Alternative investment platforms – the changing role for EIS and VCTs

by | Jul 11, 2017

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Neil Martin talks to Daniel Rodwell, Managing Director at GrowthInvest, about the changes to pension allowances and how EIS & VCTs can take on an important role.

The predicted capacity crunch on VCT and EIS offers that took place in the last financial year, will mean that advisers and investors will have to start planning their tax-efficient investments even earlier this year, according to Daniel Rodwell, Managing Director of GrowthInvest.   It has traditionally been in the early autumn when VCT and EIS managers tend to launch their latest offers, but Rodwell believes that a fear of lack of capacity, combined with a growing realisation that tax-efficient investments can be a very effective part of pension planning for some clients.

A realistic alternative

Daniel says that pension changes are fuelling interest in alternative investments and driving a lot of new enquiries to the platform from advisers, and direct investors: “More advisers are beginning to understand how these investments can be used within pension planning for appropriate and suitable segments of their client base.  EIS and SEIS are a realistic alternative for those people that are hitting the upper limits of the lifetime value; those people that are impacted by the new rules”


Daniel and the GrowthInvest team have worked closely with the Enterprise Investment Scheme Association (EISA) to calculate examples of what happens over the 15 years to retirement, and what it can offer advisers and their clients.

He explains: “Our conclusion was that there are a significant number of advisers who now should be looking to EIS, and potentially SEIS, as an alternative investment vehicle for high-value clients; those impacted by the pension caps.

“We are talking to a number of advisers on a regular basis. We know from these conversations that even though more advisers took advantage of EIS last year, many are still not entirely comfortable. They know that they need to find an alternative, as some of their clients can only contribute £10,000 to a pension, or have clients who are already at their limits, so there has to be something else.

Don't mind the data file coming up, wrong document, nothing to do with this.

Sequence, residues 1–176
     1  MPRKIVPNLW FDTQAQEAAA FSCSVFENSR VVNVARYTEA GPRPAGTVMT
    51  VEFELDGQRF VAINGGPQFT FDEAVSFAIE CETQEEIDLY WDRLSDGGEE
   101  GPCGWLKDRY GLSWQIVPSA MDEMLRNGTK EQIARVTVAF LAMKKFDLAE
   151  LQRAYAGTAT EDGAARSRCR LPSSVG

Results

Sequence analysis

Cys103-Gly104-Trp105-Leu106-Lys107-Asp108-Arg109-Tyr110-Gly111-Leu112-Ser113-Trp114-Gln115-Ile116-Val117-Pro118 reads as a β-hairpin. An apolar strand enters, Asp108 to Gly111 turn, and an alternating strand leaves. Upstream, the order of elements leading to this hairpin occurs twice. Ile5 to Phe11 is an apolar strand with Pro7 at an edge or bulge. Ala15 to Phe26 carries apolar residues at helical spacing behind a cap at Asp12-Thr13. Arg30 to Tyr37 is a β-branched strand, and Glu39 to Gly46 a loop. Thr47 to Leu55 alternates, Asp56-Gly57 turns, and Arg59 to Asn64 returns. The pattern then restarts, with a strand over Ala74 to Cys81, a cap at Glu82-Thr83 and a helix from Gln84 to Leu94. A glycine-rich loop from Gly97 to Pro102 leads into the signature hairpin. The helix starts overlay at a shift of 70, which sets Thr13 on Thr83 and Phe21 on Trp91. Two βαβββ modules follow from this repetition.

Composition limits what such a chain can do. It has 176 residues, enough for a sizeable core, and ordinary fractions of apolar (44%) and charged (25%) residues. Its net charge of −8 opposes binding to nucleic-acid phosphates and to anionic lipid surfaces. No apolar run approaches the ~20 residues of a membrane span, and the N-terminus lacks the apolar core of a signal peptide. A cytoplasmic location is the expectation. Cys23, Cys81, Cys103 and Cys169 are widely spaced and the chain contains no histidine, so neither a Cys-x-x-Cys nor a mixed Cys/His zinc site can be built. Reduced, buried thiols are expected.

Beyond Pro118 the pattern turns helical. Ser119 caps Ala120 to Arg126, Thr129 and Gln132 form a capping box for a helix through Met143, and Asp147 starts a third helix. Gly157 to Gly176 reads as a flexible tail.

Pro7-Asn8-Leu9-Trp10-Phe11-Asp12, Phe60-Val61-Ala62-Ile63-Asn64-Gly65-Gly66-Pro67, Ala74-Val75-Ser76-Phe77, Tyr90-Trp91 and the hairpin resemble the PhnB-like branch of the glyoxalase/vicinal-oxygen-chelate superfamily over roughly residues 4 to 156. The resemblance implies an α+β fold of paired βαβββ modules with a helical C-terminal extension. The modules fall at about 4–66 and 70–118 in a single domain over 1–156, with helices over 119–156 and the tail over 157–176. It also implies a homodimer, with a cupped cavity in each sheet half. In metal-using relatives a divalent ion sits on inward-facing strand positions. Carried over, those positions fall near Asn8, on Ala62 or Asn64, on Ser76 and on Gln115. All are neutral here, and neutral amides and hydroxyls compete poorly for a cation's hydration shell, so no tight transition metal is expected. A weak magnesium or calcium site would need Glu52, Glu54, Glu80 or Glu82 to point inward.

“There are only a few options available to wealthier clients, and it’s our view that EIS is very realistic one. We strongly believe that a diversified portfolio of EIS investments can deliver long term growth. There are not many places you can look for that alongside tax efficiency right now.  The tax-efficient industry and managers have been saying for many years that advisers and investors should not leave their investments until the last minute, and now that message appears to be hitting home”

“The beauty of using EIS as an alternative to pensions is very obvious to us. There are two elements of liquidity that are enormous. Every time you exit an EIS investment you are able to draw down those funds tax-free, which is very different from a pension, and equally, with all of your EIS investments up to retirement age, you get a tax-free lump sum, there are no restrictions on that at all.”

The GrowthInvest team have tested multiple scenarios, all of which suggest that EIS can play an important part in pension planning: “If you built a hypothetical, diversified EIS  portfolio achieving their target returns, and you consistently reinvested those, there is a potential significant excess return over a traditional pension, that more than outweighs the perceived added risk “


A healthy appetite 

As well as the record years for EIS, there is a real growth in the wider alternative finance market, mainly driven by direct-to-consumer platforms, and it shows an appetite for earlier stage, tangible investment.

“We believe that there is a much larger demand for EIS, SEIS investments amongst both advised clients and amongst UK Investors as a whole. We think that the pensions cap angle may well prove to be the driver to a much broader investment in EIS amongst the “affluent” as well as HNW/sophisticated clients.


“Whilst the investments should certainly stand on their own two feet, and investors and advisers should always be carefully looking at the investments themselves, whether in directly in qualifying single companies, or via a managed fund or portfolio, the generous tax reliefs from the government make it an attractive proposition for a wider market.”

Director General at EISA, Mark Brownridge, agrees: “EIS do not have tax-free dividends as VCTs do. Yet they can still play a part in overall pension planning and we see them as being complementary to it.  Pension freedoms have been a game-changer in how people view their savings and investments, and they are increasingly building different pots of money through different investments. EIS will certainly play a part in that.”

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